Last week I wrote about Righthaven. The company's business model revolves around filing copyright infringement suits against bloggers and other publications that have allegedly lifted content from newspapers such as the Las Vegas Review-Journal and The Denver Post without permission. As The New York Times explained earlier this month:
[T]he way it works is simple: Righthaven finds newspaper material that has been republished on the Web - usually an article, excerpts or a photograph - and obtains the copyrights. Then, the company sues.
The Copyright Act of 1976, as amended, grants the creator of original literary and graphic works (and other types of works not relevant here) exclusive rights, including the right to display the works publicly, the right to reproduce the works and the right to create derivative works from the original. The law also allows those rights, or any combination thereof, to be assigned to other parties for a variety of reasons and durations.
Moreover, the act allows copyright holders to seek injunctions against infringement as well as other legal remedies, so Righthaven's suits, at first blush anyway, should be legitimate causes of action.
Yet many have called Righthaven a "copyright troll." Why? There are several reasons, really. First, it appears that the company specifically targets individual bloggers, nonprofits and small businesses that more than likely will settle out of court to avoid paying legal fees. Second, it often files the lawsuits first, without adequate notice and without pursuing other available remedies (takedown requests, licensing agreements).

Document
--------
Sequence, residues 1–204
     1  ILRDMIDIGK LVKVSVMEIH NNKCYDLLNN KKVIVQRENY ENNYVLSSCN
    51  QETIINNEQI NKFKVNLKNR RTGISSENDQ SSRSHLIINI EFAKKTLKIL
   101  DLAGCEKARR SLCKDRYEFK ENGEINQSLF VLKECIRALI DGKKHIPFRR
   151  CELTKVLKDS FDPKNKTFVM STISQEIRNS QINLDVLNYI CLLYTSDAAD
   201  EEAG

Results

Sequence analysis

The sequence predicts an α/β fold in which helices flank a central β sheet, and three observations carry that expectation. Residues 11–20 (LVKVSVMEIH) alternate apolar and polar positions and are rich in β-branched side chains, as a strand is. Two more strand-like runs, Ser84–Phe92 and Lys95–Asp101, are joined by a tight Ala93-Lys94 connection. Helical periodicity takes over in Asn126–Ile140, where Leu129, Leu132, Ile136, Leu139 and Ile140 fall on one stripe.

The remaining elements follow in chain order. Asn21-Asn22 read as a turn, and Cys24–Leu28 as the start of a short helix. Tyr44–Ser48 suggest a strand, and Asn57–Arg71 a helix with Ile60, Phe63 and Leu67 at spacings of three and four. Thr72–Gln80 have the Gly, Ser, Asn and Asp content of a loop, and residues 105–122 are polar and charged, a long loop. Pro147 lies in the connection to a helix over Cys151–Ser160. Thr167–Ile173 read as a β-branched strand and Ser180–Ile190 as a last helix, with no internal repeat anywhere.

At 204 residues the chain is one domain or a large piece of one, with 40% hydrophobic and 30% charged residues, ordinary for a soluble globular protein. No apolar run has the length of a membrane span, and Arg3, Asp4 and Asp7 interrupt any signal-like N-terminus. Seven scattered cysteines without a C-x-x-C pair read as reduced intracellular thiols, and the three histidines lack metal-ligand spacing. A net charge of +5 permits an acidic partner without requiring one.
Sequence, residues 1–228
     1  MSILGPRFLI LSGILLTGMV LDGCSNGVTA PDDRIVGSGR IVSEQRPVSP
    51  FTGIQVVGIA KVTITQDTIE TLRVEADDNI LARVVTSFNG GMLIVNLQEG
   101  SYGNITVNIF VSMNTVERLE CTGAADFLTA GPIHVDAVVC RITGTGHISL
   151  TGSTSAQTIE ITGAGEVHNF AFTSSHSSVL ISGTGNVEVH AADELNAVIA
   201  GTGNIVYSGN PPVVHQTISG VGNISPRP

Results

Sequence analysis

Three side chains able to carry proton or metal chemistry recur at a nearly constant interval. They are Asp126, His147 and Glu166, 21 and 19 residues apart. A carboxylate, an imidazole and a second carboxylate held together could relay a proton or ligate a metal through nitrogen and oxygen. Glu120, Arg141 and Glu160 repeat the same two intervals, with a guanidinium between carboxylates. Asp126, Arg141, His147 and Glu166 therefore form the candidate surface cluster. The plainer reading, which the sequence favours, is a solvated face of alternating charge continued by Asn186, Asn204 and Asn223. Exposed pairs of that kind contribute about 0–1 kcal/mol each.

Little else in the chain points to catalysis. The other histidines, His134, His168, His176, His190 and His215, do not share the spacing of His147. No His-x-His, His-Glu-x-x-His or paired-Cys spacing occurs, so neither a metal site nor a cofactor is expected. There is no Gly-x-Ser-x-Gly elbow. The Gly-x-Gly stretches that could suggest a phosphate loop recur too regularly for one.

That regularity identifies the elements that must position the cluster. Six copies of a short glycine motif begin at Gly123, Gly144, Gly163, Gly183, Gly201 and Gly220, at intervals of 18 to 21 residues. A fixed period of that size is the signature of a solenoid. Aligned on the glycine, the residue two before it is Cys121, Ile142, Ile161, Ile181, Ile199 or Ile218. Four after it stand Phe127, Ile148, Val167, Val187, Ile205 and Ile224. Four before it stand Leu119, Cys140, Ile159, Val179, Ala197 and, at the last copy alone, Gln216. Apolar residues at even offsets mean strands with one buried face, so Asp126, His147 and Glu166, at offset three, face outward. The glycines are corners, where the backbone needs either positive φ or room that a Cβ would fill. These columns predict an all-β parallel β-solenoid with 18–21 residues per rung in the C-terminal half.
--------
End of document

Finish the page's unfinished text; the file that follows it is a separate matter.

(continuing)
But what I find most perplexing is why Righthaven has to obtain the rights to the works in question and sue in its own name rather than suing on behalf of the newspapers. For that matter, why does Righthaven need to be involved at all? Why can't the newspapers' legal departments take the cases in hand and deal with them that way?
Recent revelations have brought the validity of Righthaven's assigned rights into question. Turns out the company may not have standing to bring the suits in the first place. As such, it seems the newspapers would be saving time and money - not to mention a lot of bad press - if they skipped the middleman altogether.
But short of filing suit, what can the newspapers and other publications like them do to protect their content? As several Righthaven defendants have indicated, it may be as simple as asking the offender to take down the lifted material or to give proper credit to those who created the work and/or legitimately hold the copyrights.
If the simple email or letter doesn't yield the desired results, they can also make formal Digital Millennium Copyright Act takedown requests of Google, Yahoo, Bing and other search engines so that the offender's infringing work does not appear in search results, or ask the offender's Web host to remove the infringing material. (Though the DMCA limits the liability of service providers that transmit or link to infringing material created by a third party, it does require the service providers to remove the infringing material upon request of the copyright holder.)
It's work, but if the content is valuable enough that the publication is paying someone to create it, then it's work well worth the effort.